Ragged and battered - but slowly coming back to life.
The Syrian city of Aleppo is still littered with debris from years of shelling and gunfire --- but now tea shops, market stalls and pedestrians are also returning to
what's one of the oldest continuously inhabited cities in the world -
Residents say things have improved since regime forces retook the city in 2016.
"Here in the streets, there wasn't anyone at all during the war," remembers resident Saleh Taftaneyzi. "There just wasn't anyone. And now, you can see for yourself, how many people there are."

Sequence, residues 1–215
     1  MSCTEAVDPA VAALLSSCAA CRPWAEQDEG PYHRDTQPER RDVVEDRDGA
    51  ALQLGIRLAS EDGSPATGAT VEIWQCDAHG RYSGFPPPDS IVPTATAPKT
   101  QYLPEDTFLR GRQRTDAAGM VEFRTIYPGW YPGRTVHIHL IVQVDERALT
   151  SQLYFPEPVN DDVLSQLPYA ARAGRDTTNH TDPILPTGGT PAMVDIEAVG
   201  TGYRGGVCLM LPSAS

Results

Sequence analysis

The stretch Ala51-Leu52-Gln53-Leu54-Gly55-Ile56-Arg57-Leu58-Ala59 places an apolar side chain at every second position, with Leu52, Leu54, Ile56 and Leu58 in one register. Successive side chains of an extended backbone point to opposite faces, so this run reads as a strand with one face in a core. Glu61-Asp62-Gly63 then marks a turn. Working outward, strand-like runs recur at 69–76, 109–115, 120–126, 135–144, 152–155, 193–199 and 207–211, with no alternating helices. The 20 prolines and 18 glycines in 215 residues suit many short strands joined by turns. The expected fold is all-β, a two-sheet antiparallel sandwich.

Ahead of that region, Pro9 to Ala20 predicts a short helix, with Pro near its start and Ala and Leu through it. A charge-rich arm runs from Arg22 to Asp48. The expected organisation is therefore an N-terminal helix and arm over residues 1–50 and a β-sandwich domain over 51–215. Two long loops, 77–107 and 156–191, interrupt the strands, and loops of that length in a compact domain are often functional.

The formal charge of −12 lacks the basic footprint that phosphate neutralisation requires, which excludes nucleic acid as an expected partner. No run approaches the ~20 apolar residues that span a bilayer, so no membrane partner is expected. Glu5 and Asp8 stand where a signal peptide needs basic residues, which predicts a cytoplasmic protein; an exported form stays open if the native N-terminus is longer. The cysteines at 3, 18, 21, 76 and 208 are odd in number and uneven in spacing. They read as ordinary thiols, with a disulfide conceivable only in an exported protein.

Aleppo was devasted by a four year battle for control between rebels and government troops of what was once Syria's largest city.
The four year siege left tens of thousands of people dead - including about 5,000 children.
Witnesses have also accused government forces of war crimes, including the use of chemical weapons.
Rebel forces led by the Free Syrian Army resisted government troops until supply lines to the city were cut in early 2016.
The last rebels were evacuated by the end of that year.
The destruction of Aleppo has been compared to the devastation wrought in World War II.
Among the casualties, the city's cultural heritage including the Great Mosque and Al-Medina souq.